Wayne Bledsoe: Westwend combination works; Hendrix release unearths treasures

Westwend will celebrate the release of the albums by group vocalists Jonathan Maness and Wendy Crowe at 9 p.m. Thursday, Feb. 28, at Boyd’s Jig & Reel, 101 S. Central St.

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Westwend will celebrate the release of the albums by group vocalists Jonathan Maness and Wendy Crowe at 9 p.m. Thursday, Feb. 28, at Boyd’s Jig & Reel, 101 S. Central St.

It’s hard to know just what to call the upcoming CD release show by the group Westwend. The show will celebrate the release of solo albums by Wendy Crowe and Jonathan Maness, who are the singing-songwriting core of Westwend. And, Maness is also a member of the band Mountain Soul.

Both Maness and Crowe are music veterans. Maness is the son of a civilian contractor with the military and learned how to play guitar while his family was living in Germany.

“There really wasn’t much of anything else to do,” says Maness. “I sort of credit that with forcing me to have an interest in music.”

When he returned to the States, Maness took up mandolin to accommodate a gig at Tweetsie Railroad while he was attending Appalachian State University. He later worked backing up Valerie Smith and as a member of the Dixie Beeliners and Larkin Tunnel. He moved to Knoxville a few years ago.

Crowe grew up in Lexington, Miss., where she absorbed everything from Dolly Parton to Elvis Presley and Etta James, and she became a contestant in the 1998 Miss Mississippi pageant. She moved to East Tennessee a few years later and performed at Dollywood and the Dixie Stampede. She also fell in with the crowd at Ciderville Music, a lovably accepting group who put her in touch with Maness as a possible producer for an album she planned to record.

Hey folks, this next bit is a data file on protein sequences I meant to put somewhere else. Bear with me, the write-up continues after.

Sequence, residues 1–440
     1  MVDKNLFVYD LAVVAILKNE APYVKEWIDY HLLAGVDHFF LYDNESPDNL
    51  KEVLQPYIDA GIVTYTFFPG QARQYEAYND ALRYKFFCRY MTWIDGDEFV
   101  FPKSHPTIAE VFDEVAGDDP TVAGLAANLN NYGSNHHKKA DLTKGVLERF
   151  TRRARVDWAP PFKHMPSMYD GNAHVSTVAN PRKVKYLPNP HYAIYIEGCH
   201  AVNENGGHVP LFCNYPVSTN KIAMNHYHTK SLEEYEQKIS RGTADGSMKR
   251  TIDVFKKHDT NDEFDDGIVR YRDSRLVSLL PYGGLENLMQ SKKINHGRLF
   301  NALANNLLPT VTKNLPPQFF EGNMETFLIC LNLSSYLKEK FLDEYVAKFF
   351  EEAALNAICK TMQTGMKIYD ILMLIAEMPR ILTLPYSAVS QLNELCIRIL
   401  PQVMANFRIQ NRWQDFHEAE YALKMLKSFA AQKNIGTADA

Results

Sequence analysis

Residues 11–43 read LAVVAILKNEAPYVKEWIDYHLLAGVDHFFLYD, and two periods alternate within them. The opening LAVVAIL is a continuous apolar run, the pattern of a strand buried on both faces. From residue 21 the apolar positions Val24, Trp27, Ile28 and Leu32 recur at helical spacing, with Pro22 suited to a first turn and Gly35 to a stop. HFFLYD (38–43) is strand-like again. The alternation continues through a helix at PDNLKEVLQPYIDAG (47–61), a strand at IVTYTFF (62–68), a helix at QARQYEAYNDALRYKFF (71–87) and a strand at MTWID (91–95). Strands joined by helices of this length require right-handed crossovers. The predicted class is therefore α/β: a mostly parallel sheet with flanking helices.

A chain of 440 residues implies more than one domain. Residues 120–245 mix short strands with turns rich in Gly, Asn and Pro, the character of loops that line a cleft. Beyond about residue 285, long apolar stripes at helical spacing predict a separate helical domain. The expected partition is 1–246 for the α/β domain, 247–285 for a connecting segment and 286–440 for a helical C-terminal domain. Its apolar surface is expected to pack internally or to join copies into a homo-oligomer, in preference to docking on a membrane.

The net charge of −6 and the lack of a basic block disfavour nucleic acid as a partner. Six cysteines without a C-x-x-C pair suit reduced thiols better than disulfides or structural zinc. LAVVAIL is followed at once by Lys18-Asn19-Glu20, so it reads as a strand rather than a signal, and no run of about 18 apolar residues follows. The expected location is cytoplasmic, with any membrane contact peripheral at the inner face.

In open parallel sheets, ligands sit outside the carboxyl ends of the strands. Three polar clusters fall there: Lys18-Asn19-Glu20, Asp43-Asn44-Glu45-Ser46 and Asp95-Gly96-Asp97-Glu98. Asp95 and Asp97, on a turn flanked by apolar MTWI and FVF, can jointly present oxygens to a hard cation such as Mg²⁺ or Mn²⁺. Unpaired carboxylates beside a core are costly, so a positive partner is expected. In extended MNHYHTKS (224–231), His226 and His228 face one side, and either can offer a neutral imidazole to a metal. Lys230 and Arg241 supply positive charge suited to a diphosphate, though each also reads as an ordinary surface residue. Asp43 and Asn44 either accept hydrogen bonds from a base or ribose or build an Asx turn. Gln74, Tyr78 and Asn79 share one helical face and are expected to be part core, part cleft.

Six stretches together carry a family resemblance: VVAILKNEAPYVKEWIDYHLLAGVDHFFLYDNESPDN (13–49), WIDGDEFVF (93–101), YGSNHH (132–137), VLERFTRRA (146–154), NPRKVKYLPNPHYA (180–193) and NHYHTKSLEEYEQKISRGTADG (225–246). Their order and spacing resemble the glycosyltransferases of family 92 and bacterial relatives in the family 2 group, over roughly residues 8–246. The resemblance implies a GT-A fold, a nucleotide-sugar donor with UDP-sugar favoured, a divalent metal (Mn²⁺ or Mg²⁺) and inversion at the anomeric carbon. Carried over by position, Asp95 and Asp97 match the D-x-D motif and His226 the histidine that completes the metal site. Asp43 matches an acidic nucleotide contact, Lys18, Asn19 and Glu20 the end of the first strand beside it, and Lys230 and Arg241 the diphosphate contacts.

One odd commonality between the two is they had both performed in the Mayberry Days celebration in Mt. Airy, N.C. — Maness as an instrumentalist and Crowe impersonating show character Charlene Darling, but the two had never met.

“Last year when Wendy asked me to produce her album we started writing together,” says Maness.

The two began performing together in the summer of 2011. Maness says he was happy to have a project that wasn’t just his name.

“Plus, she’s way prettier than me, so it works on stage.” Review

“People, Hell and Angels,” Jimi Hendrix (Legacy)

Of all the great 1960s artists who died too young, Jimi Hendrix is the one who had the most tantalizing possibilities. His radical guitar style caused a cataclysmic change in music and was a first-rate songwriter. What might have he created had he lived?

“People, Hell and Angels” is at least a hint at where Hendrix was going . This release presents Hendrix with the Band of Gypsis group, Billy Cox and Buddy Miles (along with three tracks with Experience-drummer Mitch Mitchell). It’s bluesier and less showy than much of his earlier work.

Some of these recordings have been released in altered forms, but this is the first time much of this has been heard in the way Hendrix recorded it.

While other artists of the era seemed tied to their time, Hendrix, especially on the songs “Earth Blues” “Somewhere” and “Hey Gypsy Boy” sounds timeless.

Hendrix is one of the few artists whom every generation can make their own.

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